Thousands flee as Myanmar military secures Letpadaung area for Chinese workers

Residents of Sagaing Region’s Salingyi and Yinmabin townships flee raids by junta forces on the morning of December 14 (Supplied)

A military operation to secure the area around the Letpadaung copper mine in Sagaing Region’s Salingyi Township has forced nearly 10,000 people to flee their homes in recent days, according to local sources.

Locals reported that junta troops began stationing themselves at monasteries in the villages of Gondaw and Done Taw, both located between the mine site and the Myauk Yamar Creek to the north, on Tuesday.

This was followed in the early hours of Wednesday morning with raids on villages north of the creek, including Bein Nwe Chaung, Kyay Sar Kya and Mya Shwe Si in Yinmabin Township, residents told Myanmar Now.

“They were on the move at around 2:30am. People living in the area between the village of Lay Htan Khone and the vicinity of the mine have fled for their safety,” said a local man who spoke on condition of anonymity.

Residents of some 13 affected villages could be seen fleeing their homes in cars and on motorcycles and oxcarts before dawn on Wednesday, other sources reported.

A column of around 150 junta troops, including some stationed at the mine and others sent from Monywa, where the headquarters of the military’s Northwestern Regional Command is located, took part in the raids, the sources said.

According to a former employee of the mine who has joined the Civil Disobedience Movement (CDM) against military rule,  security has been tightened outside of the mine site to protect Chinese workers as they prepare to leave for the coming New Year’s holidays.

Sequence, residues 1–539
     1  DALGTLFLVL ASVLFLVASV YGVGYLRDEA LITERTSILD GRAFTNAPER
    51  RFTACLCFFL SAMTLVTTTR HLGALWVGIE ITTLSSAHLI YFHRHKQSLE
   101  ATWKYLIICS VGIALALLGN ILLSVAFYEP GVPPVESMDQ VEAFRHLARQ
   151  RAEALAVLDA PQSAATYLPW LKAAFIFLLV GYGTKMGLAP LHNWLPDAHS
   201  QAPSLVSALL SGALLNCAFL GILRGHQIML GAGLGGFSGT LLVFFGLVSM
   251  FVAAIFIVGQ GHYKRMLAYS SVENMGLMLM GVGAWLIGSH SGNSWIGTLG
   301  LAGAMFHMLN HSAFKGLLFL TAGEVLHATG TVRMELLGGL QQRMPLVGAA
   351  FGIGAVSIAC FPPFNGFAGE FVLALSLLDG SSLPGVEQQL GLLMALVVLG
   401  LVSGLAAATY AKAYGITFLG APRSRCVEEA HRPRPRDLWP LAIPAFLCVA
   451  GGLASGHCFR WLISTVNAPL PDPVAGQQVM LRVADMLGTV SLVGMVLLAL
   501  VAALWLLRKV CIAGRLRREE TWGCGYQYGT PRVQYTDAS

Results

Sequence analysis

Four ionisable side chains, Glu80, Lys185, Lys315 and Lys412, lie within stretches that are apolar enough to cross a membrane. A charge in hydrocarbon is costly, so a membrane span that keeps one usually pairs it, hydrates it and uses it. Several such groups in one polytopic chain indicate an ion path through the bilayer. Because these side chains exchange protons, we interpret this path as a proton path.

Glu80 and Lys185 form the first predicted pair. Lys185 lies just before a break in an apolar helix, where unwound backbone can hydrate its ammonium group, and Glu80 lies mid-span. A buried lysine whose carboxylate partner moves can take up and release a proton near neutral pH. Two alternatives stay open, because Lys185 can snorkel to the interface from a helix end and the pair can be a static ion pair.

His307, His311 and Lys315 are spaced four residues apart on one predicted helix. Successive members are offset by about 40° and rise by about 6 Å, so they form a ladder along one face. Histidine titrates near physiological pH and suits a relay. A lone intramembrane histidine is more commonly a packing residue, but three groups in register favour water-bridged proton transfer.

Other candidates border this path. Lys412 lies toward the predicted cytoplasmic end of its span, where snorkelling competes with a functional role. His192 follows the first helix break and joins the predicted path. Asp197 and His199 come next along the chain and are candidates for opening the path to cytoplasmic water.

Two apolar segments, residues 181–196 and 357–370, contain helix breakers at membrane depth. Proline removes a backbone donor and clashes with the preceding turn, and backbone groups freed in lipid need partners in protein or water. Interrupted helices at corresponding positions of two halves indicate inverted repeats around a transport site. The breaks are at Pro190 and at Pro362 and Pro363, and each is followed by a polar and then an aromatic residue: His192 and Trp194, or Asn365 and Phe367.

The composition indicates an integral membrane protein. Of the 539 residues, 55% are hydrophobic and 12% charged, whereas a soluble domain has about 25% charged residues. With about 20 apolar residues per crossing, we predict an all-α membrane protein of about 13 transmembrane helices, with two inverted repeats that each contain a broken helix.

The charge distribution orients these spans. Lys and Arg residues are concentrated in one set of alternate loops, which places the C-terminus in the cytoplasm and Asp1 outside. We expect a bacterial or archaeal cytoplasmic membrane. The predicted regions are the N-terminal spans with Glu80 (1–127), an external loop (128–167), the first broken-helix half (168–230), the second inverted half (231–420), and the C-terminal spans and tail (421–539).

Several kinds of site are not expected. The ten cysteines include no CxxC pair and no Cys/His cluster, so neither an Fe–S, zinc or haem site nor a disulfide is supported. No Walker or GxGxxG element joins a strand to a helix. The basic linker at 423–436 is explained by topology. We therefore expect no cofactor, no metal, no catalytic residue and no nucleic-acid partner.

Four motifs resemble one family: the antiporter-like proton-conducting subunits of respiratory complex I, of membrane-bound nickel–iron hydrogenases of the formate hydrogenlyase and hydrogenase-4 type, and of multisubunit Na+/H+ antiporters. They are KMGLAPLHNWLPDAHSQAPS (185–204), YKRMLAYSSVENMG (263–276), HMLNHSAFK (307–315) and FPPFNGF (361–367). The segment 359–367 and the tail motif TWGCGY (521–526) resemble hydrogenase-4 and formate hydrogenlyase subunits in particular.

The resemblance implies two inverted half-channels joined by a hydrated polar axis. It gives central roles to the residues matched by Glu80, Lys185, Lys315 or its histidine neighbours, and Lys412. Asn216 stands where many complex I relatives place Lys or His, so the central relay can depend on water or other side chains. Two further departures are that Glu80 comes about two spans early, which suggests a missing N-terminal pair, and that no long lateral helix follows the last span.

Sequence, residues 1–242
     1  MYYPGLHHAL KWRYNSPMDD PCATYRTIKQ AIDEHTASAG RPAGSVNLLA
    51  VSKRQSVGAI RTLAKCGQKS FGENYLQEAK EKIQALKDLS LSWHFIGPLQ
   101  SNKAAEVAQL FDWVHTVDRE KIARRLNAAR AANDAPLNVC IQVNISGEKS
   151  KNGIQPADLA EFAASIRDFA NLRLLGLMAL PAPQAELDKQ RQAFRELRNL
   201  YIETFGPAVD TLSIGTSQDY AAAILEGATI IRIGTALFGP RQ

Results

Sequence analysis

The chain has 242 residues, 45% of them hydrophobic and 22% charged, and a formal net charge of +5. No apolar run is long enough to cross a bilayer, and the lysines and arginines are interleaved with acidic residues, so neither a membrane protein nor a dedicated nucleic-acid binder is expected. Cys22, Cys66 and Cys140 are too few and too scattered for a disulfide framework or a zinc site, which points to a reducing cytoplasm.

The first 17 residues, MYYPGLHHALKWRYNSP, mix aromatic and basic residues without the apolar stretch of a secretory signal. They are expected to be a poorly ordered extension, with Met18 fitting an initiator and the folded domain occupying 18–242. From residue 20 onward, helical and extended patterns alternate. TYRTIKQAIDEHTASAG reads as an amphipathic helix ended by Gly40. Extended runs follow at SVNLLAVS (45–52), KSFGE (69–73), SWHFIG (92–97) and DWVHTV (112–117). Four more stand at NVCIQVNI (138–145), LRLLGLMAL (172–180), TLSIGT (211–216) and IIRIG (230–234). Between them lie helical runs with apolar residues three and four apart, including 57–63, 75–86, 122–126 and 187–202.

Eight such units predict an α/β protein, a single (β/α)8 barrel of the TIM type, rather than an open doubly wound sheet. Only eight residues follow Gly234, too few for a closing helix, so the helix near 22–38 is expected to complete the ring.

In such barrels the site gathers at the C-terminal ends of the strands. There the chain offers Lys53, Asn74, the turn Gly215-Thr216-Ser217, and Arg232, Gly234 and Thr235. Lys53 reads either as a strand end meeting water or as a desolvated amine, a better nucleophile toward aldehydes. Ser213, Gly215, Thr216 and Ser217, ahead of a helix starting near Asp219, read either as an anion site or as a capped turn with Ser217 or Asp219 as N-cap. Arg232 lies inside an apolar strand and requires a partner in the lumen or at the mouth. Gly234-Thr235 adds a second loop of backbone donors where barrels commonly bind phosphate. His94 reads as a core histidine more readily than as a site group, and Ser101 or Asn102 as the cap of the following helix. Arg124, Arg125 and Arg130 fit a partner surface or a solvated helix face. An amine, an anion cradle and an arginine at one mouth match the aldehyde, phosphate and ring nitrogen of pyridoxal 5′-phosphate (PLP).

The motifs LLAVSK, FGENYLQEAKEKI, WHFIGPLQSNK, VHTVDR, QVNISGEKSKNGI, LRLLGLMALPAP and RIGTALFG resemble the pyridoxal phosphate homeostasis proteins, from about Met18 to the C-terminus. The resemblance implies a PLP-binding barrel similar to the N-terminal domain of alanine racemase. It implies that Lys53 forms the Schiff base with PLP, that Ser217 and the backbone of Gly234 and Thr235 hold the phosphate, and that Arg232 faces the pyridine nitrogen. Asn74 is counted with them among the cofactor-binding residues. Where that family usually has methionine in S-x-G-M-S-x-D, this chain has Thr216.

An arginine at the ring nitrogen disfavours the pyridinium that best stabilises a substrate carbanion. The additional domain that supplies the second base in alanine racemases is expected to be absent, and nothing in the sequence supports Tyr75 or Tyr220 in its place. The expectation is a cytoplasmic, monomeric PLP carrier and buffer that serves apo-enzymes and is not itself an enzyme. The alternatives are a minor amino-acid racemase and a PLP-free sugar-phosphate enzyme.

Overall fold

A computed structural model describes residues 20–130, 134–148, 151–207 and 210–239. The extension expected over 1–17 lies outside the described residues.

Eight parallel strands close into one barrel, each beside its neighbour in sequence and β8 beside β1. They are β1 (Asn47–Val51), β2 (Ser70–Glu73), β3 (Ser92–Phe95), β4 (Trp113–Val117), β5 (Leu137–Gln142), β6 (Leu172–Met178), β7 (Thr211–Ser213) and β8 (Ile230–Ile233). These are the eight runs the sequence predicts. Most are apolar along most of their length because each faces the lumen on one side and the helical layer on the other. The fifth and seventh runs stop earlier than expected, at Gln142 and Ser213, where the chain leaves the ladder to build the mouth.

“They are providing security so they can travel from the company site to Monywa in express buses,” he said.

Military convoys and trucks carrying copper from the mine along the 30km stretch of road from Letpadaung to Monywa—which are located on opposite sides of the Chindwin River—have been frequent targets of attack by anti-regime forces.

Residents say that barriers have now been set up on both sides of the road to prevent resistance groups from planting landmines.

A villager is seen near the Letpadaung copper mine in December 2014 (EPA)

Despite security concerns since last year’s coup, the mine, which is run by a subsidiary of China’s Wanbao Mining and the Union of Myanmar Economic Holdings, Ltd, a military-owned conglomerate, continues to operate, according to the CDM worker.

“It’s not fully operational, but they can’t shut it down completely, because the machines will break down if they don’t keep using them,” he said.

It is unclear how many Chinese nationals are currently working at the mine, but prior to the military takeover in February 2021, there were at least 300, according to the CDM source.

In April, a coalition of resistance groups active in the area issued a statement demanding the closure of the mine and calling on workers to join the CDM. 

As tensions grew, the military launched clearance operations that saw the murder of at least five local civilians.

In July of last year, the US State Department imposed sanctions on Myanmar Wanbao Copper Mining, Ltd and other companies involved in the mining project for providing “revenue and/or other support to the Burmese military.”